They were further confirmed in this pleasing error by the form of their provincial legislative assemblies. Their governments are popular in an high degree; some are merely popular; in all, the popular representative is the most weighty; and this share of the people in their ordinary government never fails to inspire them with lofty sentiments, and with a strong aversion from whatever tends to deprive them of their chief importance.
…In other countries, the people, more simple, and of a less mercurial cast, judge of an ill principle in government only by an actual grievance; here they anticipate the evil, and judge of the pressure of the grievance by the badness of the principle. They augur misgovernment at a distance, and snuff the approach of tyranny in every tainted breeze.

Then, Sir, from these six capital sources – of descent, of form of government, of religion in the Northern Provinces, of manners in the Southern, of education, of the remoteness of situation from the first mover of government – from all these causes a fierce spirit of liberty has grown up. It has grown with the growth of the people in your Colonies, and increased with the increase of their wealth; a spirit that unhappily meeting with an exercise of power in England which, however lawful, is not reconcilable to any ideas of liberty, much less with theirs, has kindled this flame that is ready to consume us.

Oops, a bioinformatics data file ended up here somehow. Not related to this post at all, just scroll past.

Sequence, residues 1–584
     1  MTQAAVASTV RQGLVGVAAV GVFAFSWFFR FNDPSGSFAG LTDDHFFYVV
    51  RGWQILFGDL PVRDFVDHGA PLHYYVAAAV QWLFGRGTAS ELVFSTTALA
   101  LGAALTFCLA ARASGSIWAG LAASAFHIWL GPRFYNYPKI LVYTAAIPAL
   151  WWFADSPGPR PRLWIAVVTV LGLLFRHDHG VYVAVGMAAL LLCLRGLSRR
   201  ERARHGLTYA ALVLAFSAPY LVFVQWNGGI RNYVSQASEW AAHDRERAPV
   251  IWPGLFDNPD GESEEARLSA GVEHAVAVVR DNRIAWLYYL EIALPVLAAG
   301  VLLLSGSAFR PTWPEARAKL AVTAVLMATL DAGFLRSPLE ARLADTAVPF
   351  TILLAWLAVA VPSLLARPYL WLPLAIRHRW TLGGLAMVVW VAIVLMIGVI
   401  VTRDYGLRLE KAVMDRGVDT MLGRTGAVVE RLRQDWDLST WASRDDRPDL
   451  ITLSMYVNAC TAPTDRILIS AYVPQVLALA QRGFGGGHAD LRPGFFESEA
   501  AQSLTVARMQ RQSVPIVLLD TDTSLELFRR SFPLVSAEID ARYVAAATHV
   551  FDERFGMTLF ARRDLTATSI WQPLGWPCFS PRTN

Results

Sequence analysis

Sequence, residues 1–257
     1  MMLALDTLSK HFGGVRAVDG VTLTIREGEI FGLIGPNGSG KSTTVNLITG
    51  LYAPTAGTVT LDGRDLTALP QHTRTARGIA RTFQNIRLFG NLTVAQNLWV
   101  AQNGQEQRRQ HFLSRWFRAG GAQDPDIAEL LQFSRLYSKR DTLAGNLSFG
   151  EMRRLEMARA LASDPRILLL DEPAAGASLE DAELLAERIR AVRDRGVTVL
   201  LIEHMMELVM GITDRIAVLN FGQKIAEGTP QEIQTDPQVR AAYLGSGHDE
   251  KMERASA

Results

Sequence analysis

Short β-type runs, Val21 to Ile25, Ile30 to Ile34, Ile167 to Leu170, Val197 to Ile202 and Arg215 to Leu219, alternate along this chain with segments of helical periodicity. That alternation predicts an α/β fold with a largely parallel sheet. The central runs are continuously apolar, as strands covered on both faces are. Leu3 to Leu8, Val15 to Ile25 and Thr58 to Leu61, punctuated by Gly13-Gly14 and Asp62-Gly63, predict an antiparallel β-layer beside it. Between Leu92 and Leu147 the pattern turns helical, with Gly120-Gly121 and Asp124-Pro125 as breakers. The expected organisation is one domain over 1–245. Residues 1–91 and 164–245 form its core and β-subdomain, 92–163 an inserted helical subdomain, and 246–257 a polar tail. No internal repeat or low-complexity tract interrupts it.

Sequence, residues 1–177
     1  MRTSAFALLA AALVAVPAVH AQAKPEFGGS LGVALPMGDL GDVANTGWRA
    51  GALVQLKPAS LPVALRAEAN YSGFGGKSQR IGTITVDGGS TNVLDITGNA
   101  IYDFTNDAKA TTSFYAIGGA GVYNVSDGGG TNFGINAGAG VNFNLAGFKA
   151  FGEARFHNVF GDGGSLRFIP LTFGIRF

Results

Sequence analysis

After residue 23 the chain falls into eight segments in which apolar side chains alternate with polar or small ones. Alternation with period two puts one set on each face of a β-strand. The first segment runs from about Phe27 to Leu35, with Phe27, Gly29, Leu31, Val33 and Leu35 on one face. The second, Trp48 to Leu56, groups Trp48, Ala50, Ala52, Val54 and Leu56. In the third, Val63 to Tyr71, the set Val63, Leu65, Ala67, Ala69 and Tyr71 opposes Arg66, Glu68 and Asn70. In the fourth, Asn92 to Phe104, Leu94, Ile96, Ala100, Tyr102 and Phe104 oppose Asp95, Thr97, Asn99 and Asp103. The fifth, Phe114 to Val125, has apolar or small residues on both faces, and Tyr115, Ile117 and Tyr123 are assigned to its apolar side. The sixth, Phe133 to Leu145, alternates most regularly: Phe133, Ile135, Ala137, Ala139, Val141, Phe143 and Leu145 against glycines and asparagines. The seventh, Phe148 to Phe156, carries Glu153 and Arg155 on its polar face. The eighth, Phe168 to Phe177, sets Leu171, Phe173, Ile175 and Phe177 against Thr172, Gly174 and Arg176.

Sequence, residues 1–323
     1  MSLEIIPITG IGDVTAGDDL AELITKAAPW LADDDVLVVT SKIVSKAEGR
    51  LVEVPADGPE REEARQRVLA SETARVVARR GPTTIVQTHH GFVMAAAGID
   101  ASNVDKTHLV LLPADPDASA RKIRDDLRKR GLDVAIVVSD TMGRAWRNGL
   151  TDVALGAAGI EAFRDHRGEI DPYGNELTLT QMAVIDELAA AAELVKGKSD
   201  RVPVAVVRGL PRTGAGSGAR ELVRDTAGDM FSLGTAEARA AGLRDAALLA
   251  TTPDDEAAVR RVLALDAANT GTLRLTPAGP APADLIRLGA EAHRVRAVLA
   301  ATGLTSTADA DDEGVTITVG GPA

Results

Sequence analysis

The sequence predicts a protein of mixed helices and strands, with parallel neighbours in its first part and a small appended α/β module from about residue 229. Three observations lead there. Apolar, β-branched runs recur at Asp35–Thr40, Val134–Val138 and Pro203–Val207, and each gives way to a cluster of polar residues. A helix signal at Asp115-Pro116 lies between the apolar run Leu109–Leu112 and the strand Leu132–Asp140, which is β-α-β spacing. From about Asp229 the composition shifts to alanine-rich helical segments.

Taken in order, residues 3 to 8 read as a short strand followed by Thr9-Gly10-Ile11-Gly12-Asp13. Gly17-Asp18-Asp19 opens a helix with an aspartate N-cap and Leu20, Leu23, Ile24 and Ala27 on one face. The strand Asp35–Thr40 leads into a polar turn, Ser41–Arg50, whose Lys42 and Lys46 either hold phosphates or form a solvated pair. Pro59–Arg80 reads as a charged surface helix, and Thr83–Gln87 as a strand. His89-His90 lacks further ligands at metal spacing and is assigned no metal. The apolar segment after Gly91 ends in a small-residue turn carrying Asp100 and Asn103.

The temper and character which prevail in our Colonies are, I am afraid, unalterable by any human art. We cannot, I fear, falsify the pedigree of this fierce people, and persuade them that they are not sprung from a nation in whose veins the blood of freedom circulates. The language in which they would hear you tell them this tale would detect the imposition; your speech would betray you. An Englishman is the unfittest person on earth to argue another Englishman into slavery.
I do not know the method of drawing up an indictment against a whole people. I cannot insult and ridicule the feelings of millions of my fellow-creatures as Sir Edward Coke insulted one excellent individual (Sir Walter Raleigh) at the bar. I hope I am not ripe to pass sentence on the gravest public bodies, intrusted with magistracies of great authority and dignity, and charged with the safety of their fellow-citizens, upon the very same title that I am. I really think that, for wise men, this is not judicious; for sober men, not decent; for minds tinctured with humanity, not mild and merciful.
The march of the human mind is slow. Sir, it was not until after two hundred years discovered that, by an eternal law, providence had decreed vexation to violence, and poverty to rapine. Your ancestors did however at length open their eyes to the ill-husbandry of injustice. They found that the tyranny of a free people could of all tyrannies the least be endured, and that laws made against a whole nation were not the most effectual methods of securing its obedience.
But to men truly initiated and rightly taught, these ruling and master principles which, in the opinion of such men as I have mentioned, have no substantial existence, are in truth everything, and all in all. Magnanimity in politics is not seldom the truest wisdom; and a great empire and little minds go ill together.
– The Rt Hon. Edmund Burke MP